Theeconomy ministry reports that public procurements in Russia last year were valued at 5.3 trillion rubles (€72 billion) and procurements of state-owned enterprises were valued at 21.1 trillion rubles (€285 billion) (not including procurements classified as secret). The sizeable procurements have been attempted to make more efficient and less costly through regulatory measures.
Legislation governing public procurement has been tightened in recent years. To increase efficiency and transparency, procurements should be carried out by electronic competitive bidding. The economy ministry reports that last year two-thirds of public sector procurements were subject to competitive bidding, but only 5 % of those by SOEs. The competitive bidding, however, has been criticized to be illusory to some extent. Competitively bid public sector procurements last year attracted on average less than three tender offers and most procurements were won by a handful of bidders. Planned measures to increase effectiveness of public sector procurement include the introduction of a standardized catalogue for most common procurements.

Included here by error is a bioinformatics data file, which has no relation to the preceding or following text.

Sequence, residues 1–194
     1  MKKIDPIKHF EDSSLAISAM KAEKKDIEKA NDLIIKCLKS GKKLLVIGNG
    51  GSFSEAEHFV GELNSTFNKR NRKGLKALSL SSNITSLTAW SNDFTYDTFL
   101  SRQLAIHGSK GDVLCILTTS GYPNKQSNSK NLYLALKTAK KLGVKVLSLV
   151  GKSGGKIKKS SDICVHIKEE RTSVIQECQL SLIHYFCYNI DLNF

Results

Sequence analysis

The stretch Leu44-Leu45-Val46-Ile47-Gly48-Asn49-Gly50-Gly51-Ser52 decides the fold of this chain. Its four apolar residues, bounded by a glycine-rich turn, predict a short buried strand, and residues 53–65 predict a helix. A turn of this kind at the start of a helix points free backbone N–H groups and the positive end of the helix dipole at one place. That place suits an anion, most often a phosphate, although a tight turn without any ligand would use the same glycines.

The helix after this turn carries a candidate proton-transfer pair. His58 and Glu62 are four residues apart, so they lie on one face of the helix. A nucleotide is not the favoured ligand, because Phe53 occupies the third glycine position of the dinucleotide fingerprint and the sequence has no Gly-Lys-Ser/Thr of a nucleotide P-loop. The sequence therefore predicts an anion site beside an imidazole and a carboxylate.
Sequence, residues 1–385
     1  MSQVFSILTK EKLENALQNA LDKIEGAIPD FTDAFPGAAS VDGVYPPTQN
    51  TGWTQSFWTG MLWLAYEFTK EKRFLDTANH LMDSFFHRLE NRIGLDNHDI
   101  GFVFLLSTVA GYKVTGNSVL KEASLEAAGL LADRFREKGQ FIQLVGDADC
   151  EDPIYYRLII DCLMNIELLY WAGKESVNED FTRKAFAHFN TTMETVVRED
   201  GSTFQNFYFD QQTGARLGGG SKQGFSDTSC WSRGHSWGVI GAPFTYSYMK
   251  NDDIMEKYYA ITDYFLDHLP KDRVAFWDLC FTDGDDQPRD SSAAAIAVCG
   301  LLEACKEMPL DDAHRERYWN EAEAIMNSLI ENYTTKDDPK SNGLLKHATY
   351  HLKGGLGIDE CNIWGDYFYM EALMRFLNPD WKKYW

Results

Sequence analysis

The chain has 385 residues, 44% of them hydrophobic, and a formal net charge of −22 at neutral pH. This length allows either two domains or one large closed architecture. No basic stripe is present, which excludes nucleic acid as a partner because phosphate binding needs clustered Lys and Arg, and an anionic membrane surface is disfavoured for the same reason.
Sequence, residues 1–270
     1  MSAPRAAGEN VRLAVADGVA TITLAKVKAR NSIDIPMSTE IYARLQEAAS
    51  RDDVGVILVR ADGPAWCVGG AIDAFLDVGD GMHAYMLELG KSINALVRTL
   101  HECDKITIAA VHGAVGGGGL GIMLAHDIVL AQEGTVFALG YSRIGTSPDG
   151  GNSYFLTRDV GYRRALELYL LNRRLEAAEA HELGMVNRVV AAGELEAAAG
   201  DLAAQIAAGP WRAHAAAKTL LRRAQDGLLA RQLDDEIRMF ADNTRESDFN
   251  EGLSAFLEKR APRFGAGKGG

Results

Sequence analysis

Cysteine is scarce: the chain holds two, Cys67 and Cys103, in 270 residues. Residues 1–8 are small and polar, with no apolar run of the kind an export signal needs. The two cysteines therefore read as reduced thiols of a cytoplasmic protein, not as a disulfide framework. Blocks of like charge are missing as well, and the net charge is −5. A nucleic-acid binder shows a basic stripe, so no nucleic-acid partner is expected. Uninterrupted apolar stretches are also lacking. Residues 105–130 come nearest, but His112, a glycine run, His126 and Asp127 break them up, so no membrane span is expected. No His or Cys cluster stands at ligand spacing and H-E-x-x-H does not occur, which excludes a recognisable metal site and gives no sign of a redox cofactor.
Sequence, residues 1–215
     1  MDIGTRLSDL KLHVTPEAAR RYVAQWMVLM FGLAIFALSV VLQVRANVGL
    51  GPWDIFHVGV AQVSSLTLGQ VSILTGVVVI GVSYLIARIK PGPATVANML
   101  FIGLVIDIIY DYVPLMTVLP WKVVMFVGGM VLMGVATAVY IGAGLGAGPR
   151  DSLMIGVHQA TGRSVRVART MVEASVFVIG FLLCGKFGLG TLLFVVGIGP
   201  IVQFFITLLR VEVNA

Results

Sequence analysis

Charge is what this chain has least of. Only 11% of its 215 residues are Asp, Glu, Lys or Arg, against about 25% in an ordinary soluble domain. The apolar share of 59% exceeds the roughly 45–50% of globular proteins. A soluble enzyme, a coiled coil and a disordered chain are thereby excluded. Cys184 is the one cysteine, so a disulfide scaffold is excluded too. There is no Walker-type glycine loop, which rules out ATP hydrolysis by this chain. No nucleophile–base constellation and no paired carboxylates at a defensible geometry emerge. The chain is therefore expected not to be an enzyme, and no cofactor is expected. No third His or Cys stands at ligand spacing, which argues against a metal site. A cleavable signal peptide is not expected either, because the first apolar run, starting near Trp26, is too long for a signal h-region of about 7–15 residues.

Lately, procurements have been used increasingly as a tool of industrial policy, thereby reducing competition and raising prices. Among other things, many import restrictions have been imposed on public sector procurements. Russia is not a signatory to the WTO Agreement on Government Procurement (GPA). In addition, many procurements of SOEs are subject to domestic-content requirements and provide preferable treatment to domestic suppliers. There are also procurement quotas for many large SOEs, requiring them to direct a certain share of purchases to small and medium-sized enterprises and to innovative products.